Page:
assessment and blood draw followed by the post
assessment and blood draw 12 weeks later. Partici-
pants in this group will be instructed not to change
anything from their daily routine during the time
between appointments.
Trial description summary
Figure 1 shows the timeline and detailed visit
Screening performed as a phone screen.
Inflammatory, cognitive, motor, and mood indices
collected pre and post intervention:
Biological and clinical data
Participants will undergo blood draw for E4 sta-
tus and inflammatory cytokines before and after
the trial using well-established research procedures.
All blood samples will be collected after an 8 h
overnight fast by a member of the research team.
Participants will complete medical and medica-
tion questionnaires, anthropometric measures, and 2
resting blood pressure reads. Biomarkers include tar-
geted, inflammatory, and depression indices that have
been linked to AD family caregiver stress [12] and
have been shown to change over a 3-month period,
the same duration of this trial [53]. Moreover, these
inflammatory and stress markers are easily obtained,
affordable, and likely measurable at a large number
of clinics and research institutions.
Inflammatory and depression blood biomarkers
will be batched and assayed at Emory University.
Four panels of biomarkers will be measured in plasma
using commercially available singleplex or multiplex
assays in a Luminex 200 platform: Cytokines and
chemokines (including interleukin-7, interleukin-8,
interleukin-9, interleukin-10, interferon induced pro-
tein 10, macrophage derived chemokine, monocyte
chemoattractant protein 1, transforming growth fac-
tor alpha, and tumor necrosis factor alpha); C-reactive
protein and serum amyloid protein; stress-related
cortisol; endothelial markers ICAM-1 and VCAM-
1; metabolic variables including homeostasis model
assessment for insulin resistance index (HOMA-IR)
and rapid blood glucose homeostasis.
Cognitive data
Cognitive testing will last 1.5 h and will take place
at the Memory Disorders Clinic at Emory University.
To determine the extent to which the dance interven-
tion affects cognition, we will use a comprehensive
battery in cognitive domains of memory, spatial abil-
ity, executive function and language, with a focus on
executive function. Testing will be conducted by a
trained Research Coordinator during the same clin-
ical visit that blood and vitals are collected. Tests
include but are not limited to: the Montreal Cogni-
tive Assessment [54], the Tower of London [55], the
Stroop Color Word Interference test [56], Trails B
[57], Digit Span [58], the Buschke Selective Remind-
ing Test [59], the Reverse Corsi Blocks [33], the
Brooks spatial memory test [60], and the body posi-
tion spatial task [61].
Motor and physical function data
To determine the extent to which the dance inter-
vention affects physical function, we will use a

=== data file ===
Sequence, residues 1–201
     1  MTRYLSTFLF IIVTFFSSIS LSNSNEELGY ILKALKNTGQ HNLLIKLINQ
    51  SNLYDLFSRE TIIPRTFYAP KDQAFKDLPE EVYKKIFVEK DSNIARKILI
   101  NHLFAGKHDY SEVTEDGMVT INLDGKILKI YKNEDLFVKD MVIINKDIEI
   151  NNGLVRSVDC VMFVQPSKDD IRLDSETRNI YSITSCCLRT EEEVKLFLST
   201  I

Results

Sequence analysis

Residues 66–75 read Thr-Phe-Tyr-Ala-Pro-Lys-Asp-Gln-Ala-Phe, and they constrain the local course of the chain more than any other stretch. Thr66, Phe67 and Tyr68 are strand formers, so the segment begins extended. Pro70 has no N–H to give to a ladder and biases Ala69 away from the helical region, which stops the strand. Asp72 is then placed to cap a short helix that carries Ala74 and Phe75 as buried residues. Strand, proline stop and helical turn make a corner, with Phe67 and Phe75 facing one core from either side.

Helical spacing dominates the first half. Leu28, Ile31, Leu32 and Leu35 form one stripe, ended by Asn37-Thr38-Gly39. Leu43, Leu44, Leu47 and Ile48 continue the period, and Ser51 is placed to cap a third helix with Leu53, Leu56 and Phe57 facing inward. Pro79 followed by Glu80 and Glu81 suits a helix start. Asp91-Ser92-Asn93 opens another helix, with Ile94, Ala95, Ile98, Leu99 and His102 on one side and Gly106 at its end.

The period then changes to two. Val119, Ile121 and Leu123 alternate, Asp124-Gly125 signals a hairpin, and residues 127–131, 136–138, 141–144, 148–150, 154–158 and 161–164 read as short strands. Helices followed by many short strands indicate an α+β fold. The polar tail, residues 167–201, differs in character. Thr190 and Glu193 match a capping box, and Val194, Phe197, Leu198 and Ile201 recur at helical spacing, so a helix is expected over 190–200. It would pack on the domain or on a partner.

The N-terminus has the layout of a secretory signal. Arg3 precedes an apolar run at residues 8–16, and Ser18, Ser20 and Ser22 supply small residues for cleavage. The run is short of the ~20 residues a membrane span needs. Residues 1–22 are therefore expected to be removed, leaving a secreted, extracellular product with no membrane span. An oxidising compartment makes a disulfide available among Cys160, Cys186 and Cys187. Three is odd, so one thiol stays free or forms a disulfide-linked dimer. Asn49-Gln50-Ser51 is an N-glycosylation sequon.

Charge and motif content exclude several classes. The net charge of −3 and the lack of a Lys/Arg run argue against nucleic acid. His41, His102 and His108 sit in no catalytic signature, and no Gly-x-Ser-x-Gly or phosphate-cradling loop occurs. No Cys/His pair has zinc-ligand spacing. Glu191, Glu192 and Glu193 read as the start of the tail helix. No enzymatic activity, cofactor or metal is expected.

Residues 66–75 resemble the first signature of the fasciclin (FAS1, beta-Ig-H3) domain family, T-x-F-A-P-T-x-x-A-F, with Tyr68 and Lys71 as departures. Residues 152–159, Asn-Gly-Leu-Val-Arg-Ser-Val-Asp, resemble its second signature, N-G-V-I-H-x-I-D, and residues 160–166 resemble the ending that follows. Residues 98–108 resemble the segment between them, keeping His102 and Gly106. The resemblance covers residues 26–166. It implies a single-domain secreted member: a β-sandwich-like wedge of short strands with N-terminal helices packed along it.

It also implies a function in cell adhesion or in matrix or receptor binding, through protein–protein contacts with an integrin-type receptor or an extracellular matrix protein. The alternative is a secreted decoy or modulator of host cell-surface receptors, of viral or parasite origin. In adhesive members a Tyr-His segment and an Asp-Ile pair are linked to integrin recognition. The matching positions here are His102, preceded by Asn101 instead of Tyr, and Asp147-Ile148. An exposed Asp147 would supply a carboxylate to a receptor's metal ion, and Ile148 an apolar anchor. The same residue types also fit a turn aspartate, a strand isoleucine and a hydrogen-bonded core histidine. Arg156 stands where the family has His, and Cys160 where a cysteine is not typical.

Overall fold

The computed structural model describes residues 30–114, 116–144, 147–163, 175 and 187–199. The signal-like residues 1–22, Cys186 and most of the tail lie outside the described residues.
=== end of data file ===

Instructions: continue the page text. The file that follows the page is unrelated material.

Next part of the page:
comprehensive battery in motor domains of balance,
walking, and lower body strength. Motor and phys-
ical function testing will be conducted by a trained
Research Coordinator during the same clinical visit
that blood and vitals are collected. Tests include but
are not limited to the 30 s chair stand [47], four-square
step test [43], 6 min walk [46], Miniature Balance
Evaluation Systems Test (mini-BEST) [44], and gait
speed tests (preferred, fast, backward) [45].
M.E. Hackney et al. / Rationale and Design of ACT Trial 771
Fig. 1. Study tasks and timeline.
772 M.E. Hackney et al. / Rationale and Design of ACT Trial
Mood and stress data
In light of recent literature linking caregiver stress
to increased inflammation and cognitive decline, we
have compiled a battery of stress measures that assess
both positive and negative aspects of caregiving. We
also include measures to assess the physical and
cognitive status of the care recipient, which likely
contributes to caregiver stress. Measures include:
Positive Aspects of Caregiving Scale (11 item) [38,
39], Pearlin Caregiver Stress Scale [62], The Zarit
Burden Interview [40], Center for Epidemiologic
Studies Depression Scale (CES-D) [41], Dementia
Quality of Life measure (DEMQOL) (Carer v4) [42].
Evaluations and data collection timelines
Figure 1 shows the timeline and detailed visit pro-
We will assess the biological, cognitive, and mood
outcomes pre and post intervention for both experi-
mental and control groups. All tests will be two-tailed
and use a 0.05 significance level. Models will be
adjusted for age, education, and other covariates,
as appropriate, based on a priori knowledge, and
directed acyclic graph analyses. While we will use
inferential statistics to compare function before treat-
ment with after treatment, this pilot trial has been
primarily designed to provide information about the
feasibility of a dance intervention among AA female
caregivers, appropriate clinical and patient reported
outcomes, as well as clinically meaningful effect
sizes. Feasibility will be determined by a conserva-
tive estimate of attrition rate less than 30% in both